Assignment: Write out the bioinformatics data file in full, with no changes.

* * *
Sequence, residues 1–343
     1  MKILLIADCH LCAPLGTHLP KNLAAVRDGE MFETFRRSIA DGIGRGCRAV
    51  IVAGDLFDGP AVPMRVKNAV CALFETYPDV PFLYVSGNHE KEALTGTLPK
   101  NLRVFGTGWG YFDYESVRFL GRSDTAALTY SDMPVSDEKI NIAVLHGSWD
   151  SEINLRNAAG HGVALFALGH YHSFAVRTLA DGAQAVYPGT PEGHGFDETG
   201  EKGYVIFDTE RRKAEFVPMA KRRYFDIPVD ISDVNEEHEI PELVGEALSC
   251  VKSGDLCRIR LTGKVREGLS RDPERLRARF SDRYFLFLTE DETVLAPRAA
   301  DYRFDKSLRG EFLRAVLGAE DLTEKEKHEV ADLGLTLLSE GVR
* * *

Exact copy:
Sequence, residues 1–343
     1  MKILLIADCH LCAPLGTHLP KNLAAVRDGE MFETFRRSIA DGIGRGCRAV
    51  IVAGDLFDGP AVPMRVKNAV CALFETYPDV PFLYVSGNHE KEALTGTLPK
   101  NLRVFGTGWG YFDYESVRFL GRSDTAALTY SDMPVSDEKI NIAVLHGSWD
   151  SEINLRNAAG HGVALFALGH YHSFAVRTLA DGAQAVYPGT PEGHGFDETG
   201  EKGYVIFDTE RRKAEFVPMA KRRYFDIPVD ISDVNEEHEI PELVGEALSC
   251  VKSGDLCRIR LTGKVREGLS RDPERLRARF SDRYFLFLTE DETVLAPRAA
   301  DYRFDKSLRG EFLRAVLGAE DLTEKEKHEV ADLGLTLLSE GVR